Different Methods to Reduce Radon
The United States Environmental Protection Agency (EPA) continues its efforts in providing useful information that can help homeowners reduce radon in their homes. Radon is a harmful radioactive gas that poses human health risks. That’s why homeowners should pay attention to eliminating this gas using different methods. If you plan to build a house for your family, you can make it radon-free by asking your contractor to use radon reduction construction techniques. Suppose your home is already built; there are several methods to achieve radon-resistant homes.
There could be two houses built using the same design. But it doesn’t guarantee that they are identical. From the location to interiors, you can use these factors to differentiate the two houses. When it comes to radon, the first house could have more of this radioactive gas than the second house. Why? It is because several factors cause radon entry, and among these is location.
Since no two houses are alike, using a specific radon reduction technique might not work at all house types. Therefore, engineers are looking for different radon reduction techniques to eliminate radon no matter what kind of house you have. But before you learn the said techniques, it is vital to get your house tested for radon. If the results demonstrate that your home has high radon levels, that is when you need to consult your contractor and talk about how you can eliminate the radioactive gas.
5 Radon Reduction Methods
The Department of Agricultural and Biosystems Engineering of Iowa State University compiled different radon reduction methods. This booklet is designed for homeowners to help them get rid of the said radioactive gas. Although the technique’s effectiveness varies from house to house, using the best method for your house type provides a greater chance of achieving a radon-free home. You can request a free radon mitigation quote if you are concerned to have a radon in your home. To help you, Radon Resources have listed some techniques balancing their pros and cons. Here are the ways on how you can achieve radon-resistant homes:
1. Create natural ventilation.
Following a well-ventilated design for your house is ideal because it replaces the radon-laden indoor air with natural hair. Besides, it neutralizes the pressure, which is essential since the pressure between indoor and outdoor air significantly affects radon entry. For instance, opening your house’s windows gradually decreases the flow of soil gas because radon is diluted.
Pros: Natural ventilation is affordable since there are no installation costs.
Cons: Natural ventilation is quite impractical during extreme weather conditions. It might also add expenses to heating and cooling costs.
2. Add fans for ventilation.
Aside from natural ventilation, you can also use fans to circulate the air. If the fan is big enough, the radon-laden indoor air is replaced with outdoor air. Forced ventilation also neutralizes the pressure and offers a controlled amount of ventilation. The cost of installing fans varies depending on their purpose. It may range from $25 to $1000. Fans can be used for air conditioning, heating, and ventilation.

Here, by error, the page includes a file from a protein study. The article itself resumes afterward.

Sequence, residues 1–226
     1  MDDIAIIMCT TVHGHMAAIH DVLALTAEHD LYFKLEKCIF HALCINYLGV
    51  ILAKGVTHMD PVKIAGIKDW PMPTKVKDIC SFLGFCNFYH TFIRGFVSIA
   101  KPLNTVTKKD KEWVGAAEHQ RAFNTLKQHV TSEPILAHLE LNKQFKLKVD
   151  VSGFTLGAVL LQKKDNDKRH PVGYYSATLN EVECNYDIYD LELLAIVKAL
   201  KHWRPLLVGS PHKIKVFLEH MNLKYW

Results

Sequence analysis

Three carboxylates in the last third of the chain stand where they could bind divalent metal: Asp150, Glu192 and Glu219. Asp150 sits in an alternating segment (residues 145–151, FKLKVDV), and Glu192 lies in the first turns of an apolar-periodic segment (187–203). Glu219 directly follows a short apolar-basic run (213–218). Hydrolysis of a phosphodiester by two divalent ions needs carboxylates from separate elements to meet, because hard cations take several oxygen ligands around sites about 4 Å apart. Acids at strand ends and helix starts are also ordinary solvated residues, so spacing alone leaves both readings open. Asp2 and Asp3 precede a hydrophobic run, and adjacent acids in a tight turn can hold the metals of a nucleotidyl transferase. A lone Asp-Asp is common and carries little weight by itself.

Pros: Using a 500-1000 cfm (cubic feet per minute) fan allows you to attain a 90-percent radon reduction.
Cons: Using fans can increase your expenses at home.
3. Use Heat Recovery Ventilation (HRV).
A Heat Recovery Ventilator, sometimes called an air-to-air heat exchanger, is a device that utilizes the heat in the air that is being exhausted to warm the incoming air. During warm weather, the air-conditioned house is reversed because the air being exhausted is used to cool the incoming air. With Heat Recovery Ventilation, you can save between 50 and 80 percent of the warmth (or coolness).
Pros: Using heat recovery ventilation is best for tight houses because radon reduction is greater.
Cons: Aside from the materials, you need to spend also on labor because you need an expert to install the HRV. Other than that, this method’s applicability is limited to situations where there are only moderate reductions.
4. Cover the exposed soil.
Another way to achieve radon-resistant homes is covering the exposed soil in cold rooms, drain areas, storage areas, and more. Doing this can help you reduce radon since this radioactive gas comes from the ground. Leaving the soil exposed increases the level of radon in your home. To prevent it, ask for a skilled contractor to cover the exposed ground.
Pros: Covering the soil is cheaper than other methods.
Cons: You need regular maintenance for covering the soil since the covered areas can open again. It is recommended to perform periodic checking and maintenance.
5. Seal the cracks and openings.
Since radon is a gas, it can enter your house through the cracks and openings in your home. The gas can enter through utility pipes; floor drains, etc. Sealing the cracks and gaps can offer you low to moderate radon reduction. Know that this method is usually the preliminary step when other methods are used. However, this could be enough for houses with moderate radon problems.
Pros: You can combine it with other methods to ensure that high radon levels will be reduced.
Cons: It is challenging to locate all the cracks and openings at your home. Besides, more cracks could appear as time passes by. That’s why many contractors combine it with other radon reduction techniques.
No matter what type of house you have, it is crucial to make it a safe place for you and your loved ones. Preventing radon entry is one way to ensure that you have fewer risks to respiratory diseases. There are different radon reduction methods that you may consider. Before applying one of the said techniques, make sure to get your home tested for radon. Also, ask for an expert’s assessment to identify which radon-reduction method would work best for your home. Any of these techniques could be the key to attaining radon-resistant homes.